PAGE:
Students Remember CAS Sophomore
Wake will be Tuesday; Funeral Wednesday
Dozens of students convened on the Howard Thurman Center Thursday night to hug, share stories, and mourn the loss of 19-year-old College of Arts & Sciences sophomore Michael DeVito — fraternity brother, friend, and aspiring mathematician.
BU staff were at the center to welcome students and offer what help they could. Daryl DeLuca, assistant dean of students, passed along a message from DeVito’s parents.
“They are extremely, extremely saddened by their tragic loss,” he said. “But they were taken aback by the amount of support they have received from you.”
A spontaneous memorial appeared on Marsh Plaza, where friends and fellow fraternity brothers had placed a box of Mike & Ike’s, DeVito’s fraternity pin, and a framed photo of him with the caption: “Brother, your memory will live on with us forever.”
At the center, students gathered around folding tables and sunk into armchairs, dabbing away tears amid looks of disbelief and shock. Counselors and chaplains circulated to speak with students one-on-one and in groups.
Kyle Langan remembered DeVito, whom he’d known for just seven months, as “a guy in every sense of the word,” but also as “a lightning bolt and a wake-up call to everyone.”
“He was always one of the driving forces in the fraternity,” said Langan (CAS’10). “He ground us in our morals.”
Other friends remember DeVito as a huge sports fan, whose favorites were the Rams and Yankees. He loved music, especially the Beatles, and knew how to cut a rug.
“He loved to dance,” said Elise Yannett (CAS’12).
DeVito also loved Italian food, especially whatever came from his mother’s kitchen. His favorite, said roommate Zach Taylor (COM’12), was her chicken cutlets. Taylor remembers him coming back to their apartment and stacking the fridge with her cooking.
DeVito was generous too, friends said. They told of the time he spotted a $70 pizza bill, no questions asked.
Yannett always sought out DeVito when she was having a bad day: “I just knew he would make me happy,” she said.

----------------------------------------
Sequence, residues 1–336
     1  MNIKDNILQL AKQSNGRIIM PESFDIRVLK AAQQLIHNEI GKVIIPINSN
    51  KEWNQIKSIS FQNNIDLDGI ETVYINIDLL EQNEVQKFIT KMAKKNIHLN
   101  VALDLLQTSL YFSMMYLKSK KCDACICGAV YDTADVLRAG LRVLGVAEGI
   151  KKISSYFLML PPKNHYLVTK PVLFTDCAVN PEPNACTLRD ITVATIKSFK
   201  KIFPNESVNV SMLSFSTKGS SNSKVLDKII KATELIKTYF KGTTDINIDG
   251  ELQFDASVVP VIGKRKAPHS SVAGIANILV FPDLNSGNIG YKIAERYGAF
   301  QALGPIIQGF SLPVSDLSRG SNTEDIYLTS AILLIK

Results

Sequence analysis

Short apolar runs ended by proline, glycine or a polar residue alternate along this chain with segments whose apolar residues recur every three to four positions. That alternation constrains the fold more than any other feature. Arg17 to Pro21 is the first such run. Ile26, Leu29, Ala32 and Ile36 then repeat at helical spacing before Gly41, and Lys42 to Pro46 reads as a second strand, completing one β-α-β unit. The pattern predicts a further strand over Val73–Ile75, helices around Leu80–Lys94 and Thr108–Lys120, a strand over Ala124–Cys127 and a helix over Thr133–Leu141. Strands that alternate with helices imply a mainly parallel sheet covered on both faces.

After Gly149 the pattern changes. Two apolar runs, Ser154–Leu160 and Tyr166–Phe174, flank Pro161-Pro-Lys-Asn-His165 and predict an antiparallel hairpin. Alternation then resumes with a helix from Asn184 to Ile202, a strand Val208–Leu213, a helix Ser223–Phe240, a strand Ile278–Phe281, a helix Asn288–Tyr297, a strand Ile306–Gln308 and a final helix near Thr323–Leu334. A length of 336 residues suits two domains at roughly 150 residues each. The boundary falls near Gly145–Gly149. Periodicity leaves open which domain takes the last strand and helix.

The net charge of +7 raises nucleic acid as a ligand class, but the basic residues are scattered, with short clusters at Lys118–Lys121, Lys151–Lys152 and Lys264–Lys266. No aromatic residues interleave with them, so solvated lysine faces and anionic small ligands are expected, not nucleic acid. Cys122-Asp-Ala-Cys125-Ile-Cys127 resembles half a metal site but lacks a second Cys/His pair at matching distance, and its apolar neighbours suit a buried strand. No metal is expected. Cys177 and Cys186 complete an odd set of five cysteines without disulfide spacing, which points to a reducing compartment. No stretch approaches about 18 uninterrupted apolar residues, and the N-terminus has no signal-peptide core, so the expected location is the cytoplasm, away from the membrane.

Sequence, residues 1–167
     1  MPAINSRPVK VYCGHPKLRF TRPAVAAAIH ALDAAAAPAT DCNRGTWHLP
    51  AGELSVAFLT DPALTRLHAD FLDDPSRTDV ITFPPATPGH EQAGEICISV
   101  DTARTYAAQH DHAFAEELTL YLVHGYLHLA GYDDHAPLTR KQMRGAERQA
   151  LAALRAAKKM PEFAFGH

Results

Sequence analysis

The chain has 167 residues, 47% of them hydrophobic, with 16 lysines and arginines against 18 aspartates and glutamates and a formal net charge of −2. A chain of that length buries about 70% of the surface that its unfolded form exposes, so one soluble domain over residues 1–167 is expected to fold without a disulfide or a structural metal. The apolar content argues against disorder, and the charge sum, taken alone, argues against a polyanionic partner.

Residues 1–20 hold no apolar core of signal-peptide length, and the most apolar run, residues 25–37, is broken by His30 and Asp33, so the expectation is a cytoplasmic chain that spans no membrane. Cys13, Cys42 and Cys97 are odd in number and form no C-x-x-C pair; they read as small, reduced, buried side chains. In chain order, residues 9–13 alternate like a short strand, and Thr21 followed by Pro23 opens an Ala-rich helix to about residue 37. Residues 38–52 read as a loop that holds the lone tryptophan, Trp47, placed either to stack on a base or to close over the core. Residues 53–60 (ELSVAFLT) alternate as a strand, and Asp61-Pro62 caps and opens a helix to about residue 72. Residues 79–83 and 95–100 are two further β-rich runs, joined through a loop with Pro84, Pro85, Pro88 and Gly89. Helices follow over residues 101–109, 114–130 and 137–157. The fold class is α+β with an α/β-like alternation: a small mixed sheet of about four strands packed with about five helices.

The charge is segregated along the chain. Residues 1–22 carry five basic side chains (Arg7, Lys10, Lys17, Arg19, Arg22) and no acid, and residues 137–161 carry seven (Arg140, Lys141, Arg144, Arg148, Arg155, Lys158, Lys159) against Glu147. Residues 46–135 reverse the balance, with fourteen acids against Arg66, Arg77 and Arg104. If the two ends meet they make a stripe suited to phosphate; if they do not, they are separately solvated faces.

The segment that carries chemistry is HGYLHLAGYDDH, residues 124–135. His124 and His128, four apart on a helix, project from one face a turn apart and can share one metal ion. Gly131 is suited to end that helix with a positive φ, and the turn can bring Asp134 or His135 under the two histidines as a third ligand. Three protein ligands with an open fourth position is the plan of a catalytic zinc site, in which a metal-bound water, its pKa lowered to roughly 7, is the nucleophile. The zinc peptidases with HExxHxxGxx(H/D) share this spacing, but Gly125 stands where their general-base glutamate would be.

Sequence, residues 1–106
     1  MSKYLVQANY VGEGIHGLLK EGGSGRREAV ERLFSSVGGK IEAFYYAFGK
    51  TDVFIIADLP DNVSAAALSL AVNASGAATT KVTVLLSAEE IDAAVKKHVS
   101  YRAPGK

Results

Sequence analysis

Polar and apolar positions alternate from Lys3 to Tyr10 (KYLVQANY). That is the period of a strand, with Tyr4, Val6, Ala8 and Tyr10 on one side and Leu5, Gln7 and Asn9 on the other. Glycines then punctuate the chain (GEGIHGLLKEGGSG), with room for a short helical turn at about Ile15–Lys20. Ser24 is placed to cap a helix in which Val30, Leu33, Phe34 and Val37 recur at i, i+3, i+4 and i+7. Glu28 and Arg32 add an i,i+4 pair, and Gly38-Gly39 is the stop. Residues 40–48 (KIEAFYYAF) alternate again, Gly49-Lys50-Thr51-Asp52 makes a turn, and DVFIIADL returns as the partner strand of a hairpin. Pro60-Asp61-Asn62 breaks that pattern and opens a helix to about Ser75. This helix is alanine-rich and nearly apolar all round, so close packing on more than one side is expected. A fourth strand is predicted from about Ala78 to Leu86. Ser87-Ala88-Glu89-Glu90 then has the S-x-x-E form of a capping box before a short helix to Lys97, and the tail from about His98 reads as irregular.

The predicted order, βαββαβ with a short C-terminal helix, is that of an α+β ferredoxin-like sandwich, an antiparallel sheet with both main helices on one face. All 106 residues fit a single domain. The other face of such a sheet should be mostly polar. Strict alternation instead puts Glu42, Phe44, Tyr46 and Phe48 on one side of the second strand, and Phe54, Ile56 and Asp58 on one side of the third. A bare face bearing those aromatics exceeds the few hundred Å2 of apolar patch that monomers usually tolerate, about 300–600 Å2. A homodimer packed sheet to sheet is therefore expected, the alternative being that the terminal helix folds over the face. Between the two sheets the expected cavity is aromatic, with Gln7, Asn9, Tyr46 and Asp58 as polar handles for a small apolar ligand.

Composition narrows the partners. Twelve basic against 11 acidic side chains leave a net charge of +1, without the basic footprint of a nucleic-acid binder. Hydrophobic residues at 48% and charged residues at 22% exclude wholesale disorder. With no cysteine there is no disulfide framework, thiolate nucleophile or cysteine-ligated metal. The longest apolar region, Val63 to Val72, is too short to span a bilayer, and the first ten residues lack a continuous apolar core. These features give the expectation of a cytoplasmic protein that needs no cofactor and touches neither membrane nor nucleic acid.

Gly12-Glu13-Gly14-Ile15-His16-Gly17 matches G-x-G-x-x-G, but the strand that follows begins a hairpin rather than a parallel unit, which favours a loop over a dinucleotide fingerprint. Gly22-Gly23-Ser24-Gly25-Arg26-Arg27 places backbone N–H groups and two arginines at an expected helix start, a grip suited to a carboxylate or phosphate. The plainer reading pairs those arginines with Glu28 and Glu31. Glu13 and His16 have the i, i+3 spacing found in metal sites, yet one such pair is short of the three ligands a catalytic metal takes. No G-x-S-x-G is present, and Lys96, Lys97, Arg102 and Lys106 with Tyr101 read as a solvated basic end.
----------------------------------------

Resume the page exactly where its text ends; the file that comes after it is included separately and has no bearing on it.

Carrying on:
Langan said DeVito had mentioned that he had a heart problem, but his sudden death came as a shock to everyone. “He was fine,” Taylor added, “which is what makes it so difficult. It just happened.”
DeVito, of Rye, N.Y., was found early Thursday morning. A Boston Police spokesperson says police responded to an “unconscious person” call at 50 Gardner St. at 8:30 a.m. When police arrived at the house, which is occupied by members of the Sigma Chi fraternity, emergency medical technicians were applying CPR. DeVito was transported by ambulance to St. Elizabeth’s Medical Center, where he was pronounced dead.
Boston University Police Chief Thomas Robbins says there is no evidence of foul play. As in the case of all unattended deaths, the death is being investigated by the Boston Police.
Counseling for students is available at the department of behavioral medicine at Student Health Services, 881 Commonwealth Ave., 617-353-3569.A
Michael DeVito’s wake will be held Tuesday, February 9 from 2 p.m. to 4 p.m., and from 7 p.m. to 9 p.m. at the Coxe and Graziano Funeral Home, 767 East Boston Post Road, Mamaroneck, N.Y. (914) 698-5968.
A funeral mass will be held at 10 a.m., February 10, at St. Gregory the Great Rectory/Church, 215 Halstead Ave., Harrison, New York.
In lieu of flowers, the family asks that donations be sent to the American Heart Association.
The Dean of Students’ office is sponsoring buses to travel to DeVito’s funeral in Westchester County, New York on Wednesday. For more information visit the Web site.
Leslie Friday can be reached at email@example.com.